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Joy of Museums

Museums, Art Galleries and Historical Sites

Mycenae Grave Circle A Artifacts

Mycenae Grave Circle A Artifacts - Archaeological Museum of Mycenae by Joy of Museums

Mycenae Grave Circle A Artifacts

The Mycenae Grave Circle A Artifacts are from a 16th-century BC royal cemetery near the main entrance of the Bronze Age citadel of Mycenae in southern Greece. This burial complex was initially constructed outside the fortification walls of Ancient Mycenae but was later enclosed in the fortress, built on the high ground or acropolis when the fortifications were extended during the 13th century BC. These grave goods signified the economic power and prestige of the royal dynasty, who depended on long-distance sea trade for some of these prized goods. Many of the artifacts displayed in this picture are replicas of originals protected and preserved at the National Archaeological Museum, Athens.

The circle has a diameter of 27.5 m (90 ft) and has six shaft graves, where nineteen bodies were buried. Bronze Age Greece 16th century BCE  Mycenaean shaft tombs would range from 1.0 m to 4.0 m with a mound constructed for each grave and stelae erected. Among the objects found were a series of gold death masks and full sets of weapons, ornate staffs, as well as gold and silver cups.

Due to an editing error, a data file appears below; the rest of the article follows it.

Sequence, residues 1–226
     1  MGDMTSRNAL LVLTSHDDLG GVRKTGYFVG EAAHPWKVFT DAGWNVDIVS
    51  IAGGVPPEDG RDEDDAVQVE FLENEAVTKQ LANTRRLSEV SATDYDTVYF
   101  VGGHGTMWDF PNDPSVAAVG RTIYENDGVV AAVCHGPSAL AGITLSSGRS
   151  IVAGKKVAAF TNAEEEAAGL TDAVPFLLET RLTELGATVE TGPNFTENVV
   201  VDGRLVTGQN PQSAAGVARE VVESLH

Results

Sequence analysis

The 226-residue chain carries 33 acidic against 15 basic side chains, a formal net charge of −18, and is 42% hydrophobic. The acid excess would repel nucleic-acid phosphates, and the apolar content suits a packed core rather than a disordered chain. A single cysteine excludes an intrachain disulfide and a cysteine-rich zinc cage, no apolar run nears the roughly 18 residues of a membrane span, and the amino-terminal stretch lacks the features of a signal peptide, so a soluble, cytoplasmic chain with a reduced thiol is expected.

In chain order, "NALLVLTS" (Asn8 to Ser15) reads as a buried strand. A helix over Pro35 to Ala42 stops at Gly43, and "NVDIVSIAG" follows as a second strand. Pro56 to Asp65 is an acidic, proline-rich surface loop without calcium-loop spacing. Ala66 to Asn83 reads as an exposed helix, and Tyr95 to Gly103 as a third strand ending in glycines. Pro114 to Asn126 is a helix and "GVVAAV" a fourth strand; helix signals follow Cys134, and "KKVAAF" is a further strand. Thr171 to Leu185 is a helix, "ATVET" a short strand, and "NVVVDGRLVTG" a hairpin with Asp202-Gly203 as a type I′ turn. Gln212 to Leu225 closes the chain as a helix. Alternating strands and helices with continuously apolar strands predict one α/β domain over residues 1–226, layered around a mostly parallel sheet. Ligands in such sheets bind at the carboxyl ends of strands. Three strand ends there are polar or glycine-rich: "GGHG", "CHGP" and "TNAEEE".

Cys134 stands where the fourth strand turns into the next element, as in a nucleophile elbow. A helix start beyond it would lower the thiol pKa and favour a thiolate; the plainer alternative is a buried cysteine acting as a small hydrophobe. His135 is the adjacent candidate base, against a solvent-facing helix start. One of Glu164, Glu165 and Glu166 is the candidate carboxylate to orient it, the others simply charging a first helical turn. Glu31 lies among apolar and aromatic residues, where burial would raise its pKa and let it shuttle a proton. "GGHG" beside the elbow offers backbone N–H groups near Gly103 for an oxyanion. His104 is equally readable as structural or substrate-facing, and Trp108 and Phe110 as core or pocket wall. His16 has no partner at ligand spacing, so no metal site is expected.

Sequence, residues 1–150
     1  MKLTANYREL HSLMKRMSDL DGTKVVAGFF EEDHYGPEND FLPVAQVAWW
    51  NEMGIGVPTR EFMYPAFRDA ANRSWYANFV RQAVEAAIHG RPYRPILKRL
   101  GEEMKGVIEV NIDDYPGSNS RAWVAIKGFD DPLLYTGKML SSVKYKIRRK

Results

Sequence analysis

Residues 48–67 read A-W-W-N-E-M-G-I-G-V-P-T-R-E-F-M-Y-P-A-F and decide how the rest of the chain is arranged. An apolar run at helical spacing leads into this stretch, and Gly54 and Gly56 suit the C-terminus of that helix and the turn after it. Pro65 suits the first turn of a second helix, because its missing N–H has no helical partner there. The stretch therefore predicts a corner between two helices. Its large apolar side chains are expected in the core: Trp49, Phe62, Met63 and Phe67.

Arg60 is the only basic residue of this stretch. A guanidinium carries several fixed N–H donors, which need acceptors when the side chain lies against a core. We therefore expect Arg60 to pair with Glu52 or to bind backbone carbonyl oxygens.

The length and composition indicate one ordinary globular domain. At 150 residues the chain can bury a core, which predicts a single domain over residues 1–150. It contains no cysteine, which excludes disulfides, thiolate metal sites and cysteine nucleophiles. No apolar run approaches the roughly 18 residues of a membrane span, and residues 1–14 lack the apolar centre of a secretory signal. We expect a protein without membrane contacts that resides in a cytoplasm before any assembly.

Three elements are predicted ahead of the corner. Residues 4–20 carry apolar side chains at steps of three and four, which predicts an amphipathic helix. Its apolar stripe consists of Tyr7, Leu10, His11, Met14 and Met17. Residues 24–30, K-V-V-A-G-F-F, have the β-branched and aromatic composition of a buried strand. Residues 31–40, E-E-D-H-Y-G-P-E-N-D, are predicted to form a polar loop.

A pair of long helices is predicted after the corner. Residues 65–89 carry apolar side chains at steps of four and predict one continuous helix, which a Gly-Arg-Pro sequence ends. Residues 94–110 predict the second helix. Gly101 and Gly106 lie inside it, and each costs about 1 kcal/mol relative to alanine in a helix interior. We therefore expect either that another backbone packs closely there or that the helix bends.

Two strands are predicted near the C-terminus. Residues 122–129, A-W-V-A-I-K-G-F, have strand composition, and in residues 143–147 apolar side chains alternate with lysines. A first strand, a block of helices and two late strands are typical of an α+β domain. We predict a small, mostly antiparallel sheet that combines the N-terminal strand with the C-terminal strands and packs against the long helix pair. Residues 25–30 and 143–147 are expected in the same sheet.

The site was excavated by the archaeologist Heinrich Schliemann in 1876, and one of the gold masks he unearthed became known as “The Death Mask of Agamemnon,” ruler of Mycenae according to Greek mythology. The site of Mycenae was the first in Greece to be subjected to a modern archaeological excavation. It has since been demonstrated that the burials in Grave Circle A date from 16th century BC, before the traditional time of the Trojan War (13th-12th century BC), in which Agamemnon participated.

In the second millennium BC, Mycenae was one of the major centers of Greek civilization, a military stronghold that dominated much of southern Greece. The period of Greek history from about 1600 BC to about 1100 BC is called Mycenaean about Mycenae. By 1200 BC, the power of Mycenae was declining, and finally, Mycenaean dominance collapsed entirely. The eventual destruction of Mycenae formed part of the general Bronze Age collapse in the Greek mainland and beyond. Within a short time around 1200 BC, all the palace complexes of southern Greece were burned, including that at Mycenae.

Mycenae Grave Circle A Artifacts

  • Artifact:      Mycenae Grave Circle A Artifacts
  • Date:         16th century BC
  • Find site:    Mycenae Grave Circle A, Ancient Mycenae
  • Museum:    Archaeological Museum of Mycenae

A Tour of Mycenae

A Tour of Greek Museums and Historic Sites

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“In war, the first casualty is the truth.”
– Agamemnon quote via Aeschylus

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Photo Credit: JOM

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